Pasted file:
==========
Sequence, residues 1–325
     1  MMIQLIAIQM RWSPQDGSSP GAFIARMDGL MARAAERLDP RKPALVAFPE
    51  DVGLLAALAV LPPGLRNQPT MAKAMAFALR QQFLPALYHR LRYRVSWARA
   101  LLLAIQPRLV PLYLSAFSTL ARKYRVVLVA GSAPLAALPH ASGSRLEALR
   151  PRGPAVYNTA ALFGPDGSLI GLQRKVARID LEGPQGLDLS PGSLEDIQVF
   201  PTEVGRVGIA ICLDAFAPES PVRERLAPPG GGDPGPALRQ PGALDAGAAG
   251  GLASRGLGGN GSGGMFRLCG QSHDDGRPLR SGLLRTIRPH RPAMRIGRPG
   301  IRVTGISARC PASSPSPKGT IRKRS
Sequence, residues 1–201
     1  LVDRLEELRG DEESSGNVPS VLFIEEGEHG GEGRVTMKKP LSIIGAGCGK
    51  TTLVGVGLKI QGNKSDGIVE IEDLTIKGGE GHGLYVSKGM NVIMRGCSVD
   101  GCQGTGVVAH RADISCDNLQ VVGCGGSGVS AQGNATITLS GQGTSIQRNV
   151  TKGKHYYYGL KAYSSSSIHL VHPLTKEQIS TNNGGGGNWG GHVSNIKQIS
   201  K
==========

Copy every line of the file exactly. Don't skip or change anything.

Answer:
Sequence, residues 1–325
     1  MMIQLIAIQM RWSPQDGSSP GAFIARMDGL MARAAERLDP RKPALVAFPE
    51  DVGLLAALAV LPPGLRNQPT MAKAMAFALR QQFLPALYHR LRYRVSWARA
   101  LLLAIQPRLV PLYLSAFSTL ARKYRVVLVA GSAPLAALPH ASGSRLEALR
   151  PRGPAVYNTA ALFGPDGSLI GLQRKVARID LEGPQGLDLS PGSLEDIQVF
   201  PTEVGRVGIA ICLDAFAPES PVRERLAPPG GGDPGPALRQ PGALDAGAAG
   251  GLASRGLGGN GSGGMFRLCG QSHDDGRPLR SGLLRTIRPH RPAMRIGRPG
   301  IRVTGISARC PASSPSPKGT IRKRS
Sequence, residues 1–201
     1  LVDRLEELRG DEESSGNVPS VLFIEEGEHG GEGRVTMKKP LSIIGAGCGK
    51  TTLVGVGLKI QGNKSDGIVE IEDLTIKGGE GHGLYVSKGM NVIMRGCSVD
   101  GCQGTGVVAH RADISCDNLQ VVGCGGSGVS AQGNATITLS GQGTSIQRNV
   151  TKGKHYYYGL KAYSSSSIHL VHPLTKEQIS TNNGGGGNWG GHVSNIKQIS
   201  K